Fearless: Anxious For Nothing


Rejoice in the Lord always; again I will say, rejoice. Let your reasonableness be known to everyone. The Lord is at hand; do not be anxious about anything, but in everything by prayer and supplication with thanksgiving let your requests be made known to God. And the peace of God, which surpasses all understanding, will guard your hearts and your minds in Christ Jesus. (Philippians 4:4–7 ESV)

Paul just taught Christians to not be anxious about anything. Do not worry about anything (CSB, NRSV, NLT). But Paul certainly could not be talking about times of crisis. Paul could not be talking about times of hardship and difficult. Sometimes we can take the scriptures and apply them in their ideal circumstances, rather than applying them at all times. We can want to read the words to not be anxious under general life circumstances. But when bad things happen or when terrible times come, then we can worry. But a little background about these Philippian Christians can help us understand what Paul is teaching.

Things are not easy for these Christians. They are living as Christians in Philippi, which is a special city in the Roman Empire. Philippi was a Roman colony meaning it had rights and privileges granted to it so that those who lived there were considered citizens of Rome itself and tax exemption. If you could not live in Rome, then living in a city like Philippi was the next best thing. So it was a special privilege to belong to Philippi which led to problems proclaiming Jesus as the king rather than the Roman emperor. These problems are revealed in this letter to the Philippians.

Only let your manner of life be worthy of the gospel of Christ, so that whether I come and see you or am absent, I may hear of you that you are standing firm in one spirit, with one mind striving side by side for the faith of the gospel, and not frightened in anything by your opponents. This is a clear sign to them of their destruction, but of your salvation, and that from God. For it has been granted to you that for the sake of Christ you should not only believe in him but also suffer for his sake, engaged in the same conflict that you saw I had and now hear that I still have. (Philippians 1:27–30 ESV)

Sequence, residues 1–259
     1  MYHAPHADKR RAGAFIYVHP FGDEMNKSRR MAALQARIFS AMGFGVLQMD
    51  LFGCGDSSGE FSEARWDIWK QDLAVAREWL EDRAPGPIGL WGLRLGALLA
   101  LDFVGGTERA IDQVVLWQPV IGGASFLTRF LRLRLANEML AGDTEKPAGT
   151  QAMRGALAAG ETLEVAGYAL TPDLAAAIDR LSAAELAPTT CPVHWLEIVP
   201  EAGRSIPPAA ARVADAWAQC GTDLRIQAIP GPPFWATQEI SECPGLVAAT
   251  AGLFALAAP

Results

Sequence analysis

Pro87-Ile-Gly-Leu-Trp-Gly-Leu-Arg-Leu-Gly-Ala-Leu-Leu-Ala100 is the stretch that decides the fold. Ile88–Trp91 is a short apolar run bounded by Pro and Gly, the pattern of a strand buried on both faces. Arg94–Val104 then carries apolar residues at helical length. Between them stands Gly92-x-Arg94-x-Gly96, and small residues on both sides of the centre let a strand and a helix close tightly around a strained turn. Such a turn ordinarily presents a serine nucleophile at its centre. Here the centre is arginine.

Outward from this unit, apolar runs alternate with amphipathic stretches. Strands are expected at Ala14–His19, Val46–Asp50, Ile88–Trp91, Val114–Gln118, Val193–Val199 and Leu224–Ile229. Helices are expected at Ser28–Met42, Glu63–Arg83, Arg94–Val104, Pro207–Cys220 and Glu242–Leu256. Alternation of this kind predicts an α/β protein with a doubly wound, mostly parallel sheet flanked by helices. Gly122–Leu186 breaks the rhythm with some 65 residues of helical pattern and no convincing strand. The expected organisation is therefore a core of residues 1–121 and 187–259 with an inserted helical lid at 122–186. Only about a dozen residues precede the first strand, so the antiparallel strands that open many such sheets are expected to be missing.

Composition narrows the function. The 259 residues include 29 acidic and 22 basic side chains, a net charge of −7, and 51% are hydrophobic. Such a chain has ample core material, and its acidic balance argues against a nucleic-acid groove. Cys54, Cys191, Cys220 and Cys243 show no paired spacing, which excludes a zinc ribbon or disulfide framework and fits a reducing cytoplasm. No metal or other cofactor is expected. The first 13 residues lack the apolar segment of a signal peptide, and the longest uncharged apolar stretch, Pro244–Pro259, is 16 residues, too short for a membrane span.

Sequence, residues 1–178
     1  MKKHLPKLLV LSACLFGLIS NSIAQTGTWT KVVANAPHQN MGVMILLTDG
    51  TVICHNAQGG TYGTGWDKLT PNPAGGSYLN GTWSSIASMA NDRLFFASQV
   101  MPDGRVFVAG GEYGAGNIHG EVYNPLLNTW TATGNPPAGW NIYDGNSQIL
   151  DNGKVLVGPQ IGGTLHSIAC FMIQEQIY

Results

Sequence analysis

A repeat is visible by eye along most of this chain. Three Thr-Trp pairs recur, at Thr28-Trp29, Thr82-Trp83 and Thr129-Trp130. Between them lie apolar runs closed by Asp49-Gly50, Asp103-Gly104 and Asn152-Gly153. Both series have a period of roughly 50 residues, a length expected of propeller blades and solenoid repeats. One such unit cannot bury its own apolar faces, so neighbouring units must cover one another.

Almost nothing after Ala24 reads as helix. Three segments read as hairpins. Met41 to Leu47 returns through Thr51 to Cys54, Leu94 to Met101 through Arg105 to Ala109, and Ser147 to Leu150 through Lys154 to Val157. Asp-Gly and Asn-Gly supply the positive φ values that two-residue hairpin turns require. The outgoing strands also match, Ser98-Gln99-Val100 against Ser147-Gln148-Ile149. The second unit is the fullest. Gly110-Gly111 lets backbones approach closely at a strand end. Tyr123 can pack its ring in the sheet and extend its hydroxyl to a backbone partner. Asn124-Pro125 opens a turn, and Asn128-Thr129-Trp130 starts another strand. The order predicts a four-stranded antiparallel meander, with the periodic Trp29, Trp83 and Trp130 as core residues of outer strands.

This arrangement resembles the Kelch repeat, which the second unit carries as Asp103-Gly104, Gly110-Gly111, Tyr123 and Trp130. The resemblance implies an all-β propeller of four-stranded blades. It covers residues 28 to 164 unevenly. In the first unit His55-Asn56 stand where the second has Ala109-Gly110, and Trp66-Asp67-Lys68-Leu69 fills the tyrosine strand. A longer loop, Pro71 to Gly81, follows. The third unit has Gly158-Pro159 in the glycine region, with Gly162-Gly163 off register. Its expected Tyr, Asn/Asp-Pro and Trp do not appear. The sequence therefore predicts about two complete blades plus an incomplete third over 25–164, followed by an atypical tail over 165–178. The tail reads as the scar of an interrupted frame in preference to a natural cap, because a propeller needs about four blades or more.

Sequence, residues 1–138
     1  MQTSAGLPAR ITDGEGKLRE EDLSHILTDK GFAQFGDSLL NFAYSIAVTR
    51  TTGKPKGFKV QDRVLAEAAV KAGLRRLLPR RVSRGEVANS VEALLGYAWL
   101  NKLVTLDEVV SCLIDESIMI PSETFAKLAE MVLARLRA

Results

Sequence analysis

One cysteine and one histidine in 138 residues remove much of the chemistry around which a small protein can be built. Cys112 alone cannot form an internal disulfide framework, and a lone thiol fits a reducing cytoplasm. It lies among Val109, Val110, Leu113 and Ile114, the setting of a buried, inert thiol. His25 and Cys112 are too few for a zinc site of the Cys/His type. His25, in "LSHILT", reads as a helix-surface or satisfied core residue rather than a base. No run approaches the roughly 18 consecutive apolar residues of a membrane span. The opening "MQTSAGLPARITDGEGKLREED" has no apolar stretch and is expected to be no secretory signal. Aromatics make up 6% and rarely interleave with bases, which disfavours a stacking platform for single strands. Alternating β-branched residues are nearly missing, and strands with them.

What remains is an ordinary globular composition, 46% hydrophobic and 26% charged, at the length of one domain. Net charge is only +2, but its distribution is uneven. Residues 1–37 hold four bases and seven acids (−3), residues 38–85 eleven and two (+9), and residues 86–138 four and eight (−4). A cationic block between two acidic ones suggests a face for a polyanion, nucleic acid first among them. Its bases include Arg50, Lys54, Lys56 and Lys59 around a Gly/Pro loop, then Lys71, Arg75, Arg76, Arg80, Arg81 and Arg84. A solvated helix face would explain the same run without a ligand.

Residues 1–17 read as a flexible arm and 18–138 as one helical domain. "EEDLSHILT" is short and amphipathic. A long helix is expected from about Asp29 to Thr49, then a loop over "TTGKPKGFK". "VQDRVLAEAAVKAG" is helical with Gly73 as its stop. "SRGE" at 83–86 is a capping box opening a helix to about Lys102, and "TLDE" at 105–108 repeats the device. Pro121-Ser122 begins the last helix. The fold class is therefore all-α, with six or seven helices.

Notice that Paul wants to hear that these Christians are standing firm in the faith, “not frightened in anything by your opponents.” Not only this, the rest of the text tells us that these Christians are suffering for the sake of Christ, engaged in the same conflict as Paul. When Paul had come to Philippi, he and Silas were repeatedly beaten with roads and imprisoned (Acts 16:23-24). So knowing that these Christians are going through extreme persecution and suffering, Paul wrote these words: “Do not be anxious about anything.” You see that Paul did not write those words when things were going well. Paul himself is imprisoned when he wrote this letter. These Christians are being beaten and arrested when Paul wrote these words. Do not be anxious about anything. How were these Christians supposed to do this consider what they were experiencing? How are we to not be anxious about anything considering what we are experiencing? Let’s back up to verse 4 and take in the whole picture of what Paul tells these suffering, distressed Christians.

Rejoice Always (4:4)

Paul says to always rejoice. It is almost as if he knows that this is such a surprising declaration that he says it again. Rejoice! How are we supposed to rejoice when things are so terrible? Paul says to rejoice in the Lord. Look at what you have in the Lord. Look at what the Lord has given you. Do not look at your circumstance. We cannot always rejoice when we look at our circumstances. Rejoicing always requires looking past our circumstances to the Lord who rules over our circumstances. We look past these circumstances and look at our hope that is in the Lord and the salvation he has obtained for us. Like Paul would tell the Roman Christians, nothing can separate us from the love of Christ (Romans 8:35-39). Not distress, not famine, not persecution, not danger, and not any difficulty can separate us from our God. We are always able to rejoice when look at what God has done for us, how God continues to care for us, and how we have something in Christ far more valuable than anything this life has to offer.

Let People See Your Reasonableness (4:5)

Second, Paul says in the midst of your trouble that people should see your reasonableness. Some translations read “gentleness” or “graciousness.” People are going to see something different in you than what they will see in the world in times of chaos. You are going to be gracious and reasonable. You are going to be gentle. So we do not panic when the world panics. We do not hoard when the world hoards. We do not become irrational when the world becomes irrational. Why? We do not act like the world because we know the Lord is near. That is the rest of verse 5. We are able to rejoice and we are able to be reasonable in a world turned upside down because the Lord is near us. Knowing God is near makes sense of what Paul is going to say in verse 6.

Handle Anxiety (4:6)